Newars of Sankhu lose history, homes in Nepal quake
Centuries-old Newari town of Sankhu left with little after history, homes and families perished
A sky-blue, arched gateway engraved with miniatures of gods and goddesses beckons upon taking a left turn off the blacktopped road towards the outskirts of Kathmandu.
A large number of vehicles are parked, unusual for this small town. On the left are several makeshift tents, a common sight across the Nepali capital in the aftermath of last week's devastating earthquake.
Behind the tents, the situation is less like the rest of Kathmandu.
Only a few meters ahead are signs of devastation: piles of rubble, old, dilapidated buildings in ruins and people anxiously hoping that rescuers would pull their dear ones alive from the debris.
In the historic Newari town of Sankhu, on the outskirts of Kathmandu, a Chinese search and rescue team, aided by Nepali security forces, digs through the detritus to recover the body of Prapti Shrestha, an either-year-old girl trapped inside her home.
The bodies of Prapti’s father, Prem Lal Shreshta, her mother Lalita and her three-year-old sister Prarthana have already been retrieved.
At work last Wednesday afternoon were Chinese rescuers from Blue Sky Rescue, a national disaster response group, headed by Wang Heng Ji, a senior rescue officer who led similar rescue efforts in the Chinese city of Sichuan in 2008, when an 8.0-magnitude earthquake killed more than 69,000 people.
Lalita’s brother, Suraj Prajapati, is the only blood relative around to check with the progress of the operation.
When the quake struck Saturday morning, Prajapati was praying at the nearby temple of Bajrayogini with his fiancée, who he was going to marry soon.
"When I arrived here in the afternoon, nothing was left. We lost everything," Prajapati told The Anadolu Agency.
The ancient trade route between Tibet and India, which made Nepal’s capital Kathmandu a trading hub until the late 18th century, passed through Sankhu, which lies on the edge of Kathmandu.
The Newars, the Kathmandu Valley's indigenous people, who take pride in their rich history and culture that dates back several centuries, were the local inhabitants of the town, where temples and traditional homes stand cheek by jowl.
They also share the largest number of casualty in the earthquake. By Wednesday, 125 of this town of over four thousand people were killed in the quake.
When a group of Israeli rescuers with sniffer dogs walked by her home, Mangala Devi Manandhar, 46, pleaded with a reporter to request them to search for her 20-year-old daughter buried inside a neighbor’s home.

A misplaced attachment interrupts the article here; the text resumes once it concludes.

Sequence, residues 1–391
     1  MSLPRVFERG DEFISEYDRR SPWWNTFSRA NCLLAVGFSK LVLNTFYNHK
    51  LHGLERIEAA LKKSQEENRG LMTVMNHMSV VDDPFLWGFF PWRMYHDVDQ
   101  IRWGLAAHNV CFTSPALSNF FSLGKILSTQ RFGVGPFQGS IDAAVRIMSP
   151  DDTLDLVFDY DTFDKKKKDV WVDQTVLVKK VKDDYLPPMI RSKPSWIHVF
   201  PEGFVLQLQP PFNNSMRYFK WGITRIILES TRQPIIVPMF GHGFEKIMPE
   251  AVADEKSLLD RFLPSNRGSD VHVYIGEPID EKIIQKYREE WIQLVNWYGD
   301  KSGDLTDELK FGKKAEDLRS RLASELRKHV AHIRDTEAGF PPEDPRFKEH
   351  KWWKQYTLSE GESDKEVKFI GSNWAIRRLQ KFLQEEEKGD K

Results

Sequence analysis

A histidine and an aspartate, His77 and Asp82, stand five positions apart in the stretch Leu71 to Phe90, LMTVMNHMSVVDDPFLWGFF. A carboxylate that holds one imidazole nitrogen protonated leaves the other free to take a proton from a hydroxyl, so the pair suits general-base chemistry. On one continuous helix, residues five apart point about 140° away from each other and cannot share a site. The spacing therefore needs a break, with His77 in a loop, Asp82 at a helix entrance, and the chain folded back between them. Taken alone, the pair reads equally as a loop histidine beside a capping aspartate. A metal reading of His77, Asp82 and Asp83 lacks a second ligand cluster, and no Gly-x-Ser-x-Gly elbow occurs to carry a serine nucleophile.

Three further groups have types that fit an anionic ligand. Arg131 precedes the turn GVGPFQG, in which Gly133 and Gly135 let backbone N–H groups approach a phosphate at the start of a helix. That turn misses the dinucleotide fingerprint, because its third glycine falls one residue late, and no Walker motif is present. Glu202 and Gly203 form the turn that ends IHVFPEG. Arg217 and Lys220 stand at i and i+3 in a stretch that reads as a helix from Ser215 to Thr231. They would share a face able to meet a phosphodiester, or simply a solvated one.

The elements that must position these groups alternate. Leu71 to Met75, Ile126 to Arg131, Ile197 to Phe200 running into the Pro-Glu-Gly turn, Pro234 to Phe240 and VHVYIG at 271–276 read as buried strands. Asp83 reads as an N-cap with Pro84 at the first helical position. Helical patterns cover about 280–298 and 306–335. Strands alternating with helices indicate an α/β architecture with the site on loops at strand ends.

"Please ask them to search for her. They seem to have bigger dogs that might help find her," she said, her voice a mix of desperation and hope.
Brajita Manandhar, a college student living with her aunt in the city, was home for a holiday and was visiting her friend a few blocks away when the disaster struck. Her friend escaped but she was buried inside the house.
Her father, Dev Narayan Manandhar, who runs a grocery store and whose house withstood the quake, stared blankly. The couple’s 22-year-old son was with them and survived unhurt.
Trapped, in between home and work
A roughly 10 kilometers drive into Kathmandu's downtown brings home another tragedy: dozens of migrants, traveling abroad for work or returning home, the breadwinners for millions of Nepalis, were trapped inside multi-story buildings in the neighborhood of Gongabu, now a ramshackle mess.
Hotels, restaurants, grocery stores and lodges lined this once vibrant neighborhood, now a bleak landscape of collapsed buildings.
A French rescue team was deep in work at the site where a six-story building had collapsed. The broken signboard of Paschim Pokhara Guest House spoke of its former existence. The owner had named it after the tourist town Pokhara, perhaps to attract more customers.
Behind the pink building, now reduced to three stories after the rest of the floors caved in, a man in his twenties was rescued alive last Tuesday, according to Ishwar Pant, a police officer.
But an owner of a grocery store wasn't lucky.
The middle-aged man running the ground floor store was taking an afternoon nap when he was hit by the disaster last week.
As hundreds watched the operation, a social worker arrived, armed with details of a pair of victims inside: a woman in her forties and her five-year-old daughter.
According to Bal Bahadur Gaha Magar, the social worker, on April 24, a taxi driver had driven through the day from Itahari in eastern Nepal, arriving late in Kathmandu with his wife and the daughter.
Magar said the driver feared that his landlord would be angry if he reached his room late into the night, and opted for a lodge, where his family was staying into the morning Saturday. The three had made the journey to treat the daughter who was suffering from an illness.
Also trapped inside the building was a 22-year-old teacher, who was stopping over in Kathmandu en route to a private school in Dolakha district, over 100 kilometers northeast of the capital.
Clusters of buildings in and around Gongabu have become the sites of a few miraculous rescue operations, generating extraordinary tales of survival and deliverance.
Last Modified: 2015-05-04 19:16:34
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